Tribute to a great man : The late René-C. Alary
It is with great regret that the firm announces the passing of one of its founding partners, Me René-C. Alary, on November 30, 2023, at the venerable age of 95. An emblematic figure in munic...
Unlike what certain officials have been publicly claiming for several months, expropriation is not a phenomenon that is limited to real estate developers and major landowners. This topic involves, on a daily basis, a large number of citizens, who cannot all afford to ensure their rights are protected before the courts.
Yet, these are the citizens that Bill 22 will primarily be affecting.
Expropriation goes beyond the rights conferred by general law, as it allows government agencies to force a citizen to transfer their ownership for the benefit of the community, against their will and at a time not of their choosing.
It is because of this severe violation of the ownership right that current indemnisation rules are based on the “value-to-owner” principle, under which a fair and reasonable indemnity, considering all relevant circumstances, should be paid to expropriated parties.
Bill 22 provides putting this principle aside to ensure that the act of determining the expropriation indemnity to be paid is now restricted by implementation of limited calculation methods, in addition to many parameters and restrictions regarding components, circumstances and damages that must be considered. Obviously, these major changes will impoverish expropriated citizens, whose specific circumstances may not be properly considered by the court.
Moreover, the increasing complexity of expropriation procedures provided by Bill 22 will inevitably lead to substantial procedural delays, as well as a multiplication of potential interlocutory appeals. Significant impacts and costs are to be expected for our justice system, already overloaded, and for expropriated parties.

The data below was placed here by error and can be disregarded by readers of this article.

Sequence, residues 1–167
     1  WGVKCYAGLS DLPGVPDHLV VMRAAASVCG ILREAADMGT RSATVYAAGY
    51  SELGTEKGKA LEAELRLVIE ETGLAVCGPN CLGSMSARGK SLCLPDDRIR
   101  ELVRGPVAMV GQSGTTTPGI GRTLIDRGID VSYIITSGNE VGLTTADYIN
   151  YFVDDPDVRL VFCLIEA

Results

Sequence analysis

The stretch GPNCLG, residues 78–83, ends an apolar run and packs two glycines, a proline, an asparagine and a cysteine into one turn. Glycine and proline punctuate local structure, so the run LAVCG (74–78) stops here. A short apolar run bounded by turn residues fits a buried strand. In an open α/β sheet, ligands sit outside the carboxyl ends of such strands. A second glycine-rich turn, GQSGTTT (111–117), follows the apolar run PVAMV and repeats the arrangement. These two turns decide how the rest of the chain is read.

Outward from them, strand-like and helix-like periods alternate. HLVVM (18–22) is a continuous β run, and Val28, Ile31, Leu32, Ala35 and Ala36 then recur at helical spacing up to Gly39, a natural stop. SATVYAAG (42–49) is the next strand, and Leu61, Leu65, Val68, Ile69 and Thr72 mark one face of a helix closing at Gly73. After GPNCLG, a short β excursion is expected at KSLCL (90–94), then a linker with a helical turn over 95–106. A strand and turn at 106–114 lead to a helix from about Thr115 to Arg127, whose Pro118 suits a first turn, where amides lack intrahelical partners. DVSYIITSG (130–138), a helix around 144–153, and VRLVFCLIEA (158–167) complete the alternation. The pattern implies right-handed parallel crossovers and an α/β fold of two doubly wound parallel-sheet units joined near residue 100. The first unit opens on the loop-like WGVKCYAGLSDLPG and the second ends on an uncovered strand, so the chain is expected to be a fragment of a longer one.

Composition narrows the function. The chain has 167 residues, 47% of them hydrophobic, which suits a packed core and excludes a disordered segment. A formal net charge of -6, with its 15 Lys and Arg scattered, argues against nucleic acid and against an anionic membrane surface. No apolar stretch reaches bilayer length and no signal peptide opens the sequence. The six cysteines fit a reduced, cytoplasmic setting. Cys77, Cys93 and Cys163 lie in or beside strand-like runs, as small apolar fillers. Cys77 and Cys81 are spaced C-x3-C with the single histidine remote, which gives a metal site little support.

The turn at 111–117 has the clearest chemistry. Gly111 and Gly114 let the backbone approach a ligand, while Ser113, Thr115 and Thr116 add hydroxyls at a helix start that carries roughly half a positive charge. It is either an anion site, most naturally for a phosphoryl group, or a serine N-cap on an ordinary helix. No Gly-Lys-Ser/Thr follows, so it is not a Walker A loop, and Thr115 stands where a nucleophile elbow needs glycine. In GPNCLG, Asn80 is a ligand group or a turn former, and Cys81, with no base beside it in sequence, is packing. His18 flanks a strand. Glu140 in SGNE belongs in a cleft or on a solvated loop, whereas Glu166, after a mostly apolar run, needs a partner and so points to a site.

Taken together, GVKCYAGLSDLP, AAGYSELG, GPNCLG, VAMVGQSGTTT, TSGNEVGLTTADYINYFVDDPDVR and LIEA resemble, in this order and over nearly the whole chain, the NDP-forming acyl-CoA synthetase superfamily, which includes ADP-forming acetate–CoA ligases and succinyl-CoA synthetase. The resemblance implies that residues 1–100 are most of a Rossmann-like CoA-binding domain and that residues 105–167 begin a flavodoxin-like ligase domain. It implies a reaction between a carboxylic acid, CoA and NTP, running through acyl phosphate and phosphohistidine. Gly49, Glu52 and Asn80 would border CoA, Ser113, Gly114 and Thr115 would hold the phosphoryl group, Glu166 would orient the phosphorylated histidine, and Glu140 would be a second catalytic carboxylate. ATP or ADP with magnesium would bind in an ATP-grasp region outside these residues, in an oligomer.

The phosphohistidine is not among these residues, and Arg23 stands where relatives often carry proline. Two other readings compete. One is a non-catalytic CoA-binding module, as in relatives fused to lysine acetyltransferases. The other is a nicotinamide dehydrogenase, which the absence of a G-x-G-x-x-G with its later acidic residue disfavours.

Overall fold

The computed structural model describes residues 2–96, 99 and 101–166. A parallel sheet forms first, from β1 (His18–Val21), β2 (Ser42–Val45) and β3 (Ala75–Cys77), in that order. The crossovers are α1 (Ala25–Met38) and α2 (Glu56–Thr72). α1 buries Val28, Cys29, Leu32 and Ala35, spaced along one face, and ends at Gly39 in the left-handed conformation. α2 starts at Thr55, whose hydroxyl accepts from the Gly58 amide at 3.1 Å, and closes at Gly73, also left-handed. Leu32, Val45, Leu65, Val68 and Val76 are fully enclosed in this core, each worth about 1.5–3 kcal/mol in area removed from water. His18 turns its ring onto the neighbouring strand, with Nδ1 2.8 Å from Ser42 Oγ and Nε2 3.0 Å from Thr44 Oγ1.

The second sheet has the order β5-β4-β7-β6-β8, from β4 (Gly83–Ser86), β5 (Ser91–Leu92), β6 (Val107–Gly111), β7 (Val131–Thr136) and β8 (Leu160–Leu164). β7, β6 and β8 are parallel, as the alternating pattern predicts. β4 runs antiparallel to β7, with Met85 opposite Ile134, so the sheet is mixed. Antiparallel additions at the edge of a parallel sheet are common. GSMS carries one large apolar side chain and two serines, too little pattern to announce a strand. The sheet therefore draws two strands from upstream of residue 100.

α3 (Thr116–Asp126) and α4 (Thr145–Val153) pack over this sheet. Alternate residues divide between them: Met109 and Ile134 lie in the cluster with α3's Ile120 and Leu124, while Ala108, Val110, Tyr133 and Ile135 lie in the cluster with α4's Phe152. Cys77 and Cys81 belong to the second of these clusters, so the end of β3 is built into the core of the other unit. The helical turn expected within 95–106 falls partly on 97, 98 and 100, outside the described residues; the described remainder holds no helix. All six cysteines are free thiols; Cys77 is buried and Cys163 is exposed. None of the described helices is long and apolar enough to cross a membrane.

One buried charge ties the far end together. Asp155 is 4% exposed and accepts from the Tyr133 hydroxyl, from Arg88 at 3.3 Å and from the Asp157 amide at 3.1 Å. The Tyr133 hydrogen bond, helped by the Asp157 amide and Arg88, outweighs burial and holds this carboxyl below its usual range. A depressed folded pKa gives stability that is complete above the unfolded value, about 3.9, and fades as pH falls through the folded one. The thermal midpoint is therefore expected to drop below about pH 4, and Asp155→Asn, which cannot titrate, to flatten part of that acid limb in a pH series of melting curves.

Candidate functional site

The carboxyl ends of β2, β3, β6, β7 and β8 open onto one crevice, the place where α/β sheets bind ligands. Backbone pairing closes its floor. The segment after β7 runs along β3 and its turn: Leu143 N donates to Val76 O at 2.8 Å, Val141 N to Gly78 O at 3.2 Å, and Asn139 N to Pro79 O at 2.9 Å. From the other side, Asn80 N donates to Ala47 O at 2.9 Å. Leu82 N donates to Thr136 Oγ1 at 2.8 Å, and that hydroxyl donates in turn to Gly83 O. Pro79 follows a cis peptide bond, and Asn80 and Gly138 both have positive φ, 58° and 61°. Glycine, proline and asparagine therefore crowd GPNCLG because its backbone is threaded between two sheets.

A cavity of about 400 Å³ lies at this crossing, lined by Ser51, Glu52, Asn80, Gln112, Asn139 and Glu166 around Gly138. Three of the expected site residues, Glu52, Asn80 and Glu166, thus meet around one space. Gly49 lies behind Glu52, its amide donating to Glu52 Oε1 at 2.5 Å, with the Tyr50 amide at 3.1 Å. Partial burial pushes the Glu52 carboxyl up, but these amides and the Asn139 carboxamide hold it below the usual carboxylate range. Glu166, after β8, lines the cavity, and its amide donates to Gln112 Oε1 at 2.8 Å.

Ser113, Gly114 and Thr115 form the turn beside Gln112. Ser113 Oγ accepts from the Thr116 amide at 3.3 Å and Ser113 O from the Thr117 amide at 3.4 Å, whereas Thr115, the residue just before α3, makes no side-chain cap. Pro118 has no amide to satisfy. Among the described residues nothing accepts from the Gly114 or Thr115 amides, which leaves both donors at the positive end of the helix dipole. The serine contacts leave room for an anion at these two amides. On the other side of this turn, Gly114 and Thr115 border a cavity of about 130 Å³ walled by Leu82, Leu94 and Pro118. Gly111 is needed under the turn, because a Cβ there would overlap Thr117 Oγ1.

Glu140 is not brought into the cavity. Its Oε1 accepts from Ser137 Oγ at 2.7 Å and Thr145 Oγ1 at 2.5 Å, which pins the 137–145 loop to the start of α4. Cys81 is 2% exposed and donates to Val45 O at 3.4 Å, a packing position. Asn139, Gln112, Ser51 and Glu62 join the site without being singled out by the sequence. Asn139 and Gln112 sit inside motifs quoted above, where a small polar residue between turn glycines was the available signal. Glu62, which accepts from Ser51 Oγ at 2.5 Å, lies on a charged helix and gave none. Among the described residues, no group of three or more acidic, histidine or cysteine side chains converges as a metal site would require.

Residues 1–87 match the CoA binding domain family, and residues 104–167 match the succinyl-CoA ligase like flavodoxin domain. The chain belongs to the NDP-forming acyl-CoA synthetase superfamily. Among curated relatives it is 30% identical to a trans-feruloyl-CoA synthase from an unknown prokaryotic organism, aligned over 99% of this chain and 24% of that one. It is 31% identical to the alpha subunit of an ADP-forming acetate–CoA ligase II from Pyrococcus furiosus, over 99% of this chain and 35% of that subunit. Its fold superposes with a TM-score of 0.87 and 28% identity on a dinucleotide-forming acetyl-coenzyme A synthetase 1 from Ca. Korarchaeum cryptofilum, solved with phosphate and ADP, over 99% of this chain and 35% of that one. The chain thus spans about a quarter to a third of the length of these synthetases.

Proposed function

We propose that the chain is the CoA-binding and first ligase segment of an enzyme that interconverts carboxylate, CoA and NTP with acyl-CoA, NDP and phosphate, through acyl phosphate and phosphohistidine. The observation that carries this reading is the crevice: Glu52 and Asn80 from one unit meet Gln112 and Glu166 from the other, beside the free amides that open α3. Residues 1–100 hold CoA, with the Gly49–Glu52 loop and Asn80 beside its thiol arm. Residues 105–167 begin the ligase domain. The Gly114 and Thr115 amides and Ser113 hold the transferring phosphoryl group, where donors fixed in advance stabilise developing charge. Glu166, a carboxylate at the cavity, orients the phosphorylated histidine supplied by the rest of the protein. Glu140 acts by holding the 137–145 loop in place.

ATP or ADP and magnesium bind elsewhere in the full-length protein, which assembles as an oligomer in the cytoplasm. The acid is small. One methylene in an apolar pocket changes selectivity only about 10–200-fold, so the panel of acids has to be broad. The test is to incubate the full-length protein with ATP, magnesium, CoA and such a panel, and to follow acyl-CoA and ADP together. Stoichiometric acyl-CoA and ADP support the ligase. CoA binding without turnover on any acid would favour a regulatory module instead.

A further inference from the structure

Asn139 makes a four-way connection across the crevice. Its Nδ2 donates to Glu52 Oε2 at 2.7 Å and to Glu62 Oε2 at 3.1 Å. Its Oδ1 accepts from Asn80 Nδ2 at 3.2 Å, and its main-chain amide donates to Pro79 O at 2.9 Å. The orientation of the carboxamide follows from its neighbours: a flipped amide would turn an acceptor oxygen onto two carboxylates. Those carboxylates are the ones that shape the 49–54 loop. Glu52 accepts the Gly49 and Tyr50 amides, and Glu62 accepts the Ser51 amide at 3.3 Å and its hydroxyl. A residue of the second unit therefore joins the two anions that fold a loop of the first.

Another highly disturbing characteristic: Bill 22’s framework with regard to the concept of disguised expropriation, namely the situation where a public body prevents any reasonable use made by a citizen of their building through diverted means, illegally denying them their ownership right, and without indemnifying them.
Bill 22 gives a second chance to public bodies that have wrongfully taken ownership of citizens’ private property. Should a judgment recognize the existence of such a disguised expropriation, Bill 22 grants public bodies a minimum time frame of six (6) months to cancel the problematic regulatory standards, with no other consequence and without losing the ability to subsequently adopt new restrictive standards. The citizen who is a victim of a disguised expropriation will therefore need to fight at great expense before the courts for several years, at the risk of the debate turning out to be futile.
Worse still, certain public bodies have even demanded, during the special consultations held in September 2023, that the existing disguised expropriation cases be subject to the new indemnisation rules provided in Bill 22 – less favorable for expropriated parties –even when legally executed expropriations by public bodies within six (6) months of this bill’s assent should be processed in accordance with the former law.
Such a request betrays the objectives set by several public bodies, namely to retroactively regulate abusive actions that are taken and to allow them to expropriate at a discount.
“Too much of a good thing”, as the popular saying goes. It is definitely a rule that several public bodies are currently submitting to the Legault government in connection with Bill 22. However, when the government legislates about a matter involving such an important and fundamental right as the ownership right in Québec, restraint and the utmost caution should prevail.
It's best to watch this in landscape mode.